If you believe that spring and summer are the only times you can really do anything for your garden, think again. You can really do a lot throughout the winter to ensure that your garden is ready to blossom by the time the warmer seasons arrive. You may even be able to make better use of your outside area throughout the winter. All you need are the correct supplies and a little perseverance. Read on to find out more.
A Habitat For Wildlife
Shelters and food supplies for wild animals might run short throughout the winter, but you can utilize your garden to help them out, which is excellent since you won’t be using it much in the colder season. You can do this in a variety of ways, including:
- Make your own bird feeder by drilling many big holes in a piece of wood. Mix some birdseed with melted fat and stuff it into each hole. Hang this somewhere out of reach of rodents, and the birds will have a steady food supply throughout the winter.
- You may also wish to build a nest box to assist the birds. Make your own or purchase one to put in the trees. It shouldn’t be too near the house, or the birds won’t use it, but if you want to keep an eye on the activity, you can always place cameras inside that stream straight to your laptop.
- Another wonderful suggestion is to have a pond in your garden. Ponds attract a variety of creatures and provide an ideal environment. Even though they aren’t around as much throughout the winter, you can ensure that your pond is ready to accept whatever creatures might come when spring arrives.
If you want to use your garden in the winter, one thing to keep in mind is that it becomes dark much sooner. You don’t want to be caught off guard when the sun sets at three or four o’clock and lose out on time outdoors. The solution to this issue is to put adequate lighting in your yard. There are other solutions available, including gel burners, solar lights, and electric lanterns.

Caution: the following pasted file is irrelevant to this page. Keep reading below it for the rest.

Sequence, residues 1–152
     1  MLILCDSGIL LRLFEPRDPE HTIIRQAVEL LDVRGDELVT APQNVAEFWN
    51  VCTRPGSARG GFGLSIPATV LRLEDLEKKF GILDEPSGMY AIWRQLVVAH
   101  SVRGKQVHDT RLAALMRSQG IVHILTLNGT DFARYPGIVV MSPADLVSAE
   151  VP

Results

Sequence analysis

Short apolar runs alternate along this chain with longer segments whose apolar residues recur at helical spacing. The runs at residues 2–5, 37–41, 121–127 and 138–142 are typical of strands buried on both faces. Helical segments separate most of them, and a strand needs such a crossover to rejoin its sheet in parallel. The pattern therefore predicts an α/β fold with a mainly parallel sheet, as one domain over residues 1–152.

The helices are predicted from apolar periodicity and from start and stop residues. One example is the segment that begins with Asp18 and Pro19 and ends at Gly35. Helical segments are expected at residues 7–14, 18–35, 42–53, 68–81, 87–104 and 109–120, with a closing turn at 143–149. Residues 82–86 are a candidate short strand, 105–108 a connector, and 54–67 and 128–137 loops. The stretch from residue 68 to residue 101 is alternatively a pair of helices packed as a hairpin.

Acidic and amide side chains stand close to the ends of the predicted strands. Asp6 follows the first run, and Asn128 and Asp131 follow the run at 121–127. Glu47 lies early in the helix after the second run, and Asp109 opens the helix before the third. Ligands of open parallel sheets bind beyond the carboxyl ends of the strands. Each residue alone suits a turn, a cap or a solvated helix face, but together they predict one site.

It’s great to be able to enjoy your garden more now that you have illumination, but what about when it gets extremely cold? No amount of light will assist you there. You may, however, remain outdoors for longer if you employ warmers in your garden. In the winter months, a fire pit, patio heaters, or gas burners can be an excellent way to make your garden more usable.
If you like the thought of springtime banishing winter and reawakening the beauty of your garden, you will need to put in some effort to prepare for this ahead of time. Planting bulbs before the frosts arrive is an excellent way to do this. Make sure you get a variety and figure out where you want to place them. You might have a comprehensive strategy, or you might want everything to be random – the choice is yours, but the ultimate outcome will always be fantastic.
Another excellent thing to buy for your garden is a set of tools. There will always be work to do no matter what time of year it might be, and you’ll need to be on top of it. A good set of tools will help you no end. If you’re not feeling up to the job, it’s always worth checking in with your doctor; it might be that supplements or testosterone replacement therapy is required.
One reason for needing tools is because you’ll need to dig up some old plants at some point. Annuals like poppies, snapdragons, and sweet peas are popular for adding brilliant summer colors to our gardens. While you might believe that totally digging them up is counter-productive, particularly because they were such a colorful addition, they are notorious for not surviving the winter months and may be difficult to manage. Digging them up and adding them to the compost pile is significantly more productive.
Hot, dry weather, paddling pools, and lawn activities over the summer months can leave our grassy spaces in desperate need of attention. By fertilizing your lawn, you are supplying it with nutrients that will restore its health and promote development, ensuring that by next summer, you will have a lush lawn to enjoy.
If you are going to fertilize your lawn, you should take your time and do it properly. Begin by raking or scarifying the grass to eliminate thatch buildup before aerating with a garden fork; these actions allow for enhanced air and water mobility in your lawn’s root system. Finally, a top dressing of well-rotted compost, loam, and sand is applied.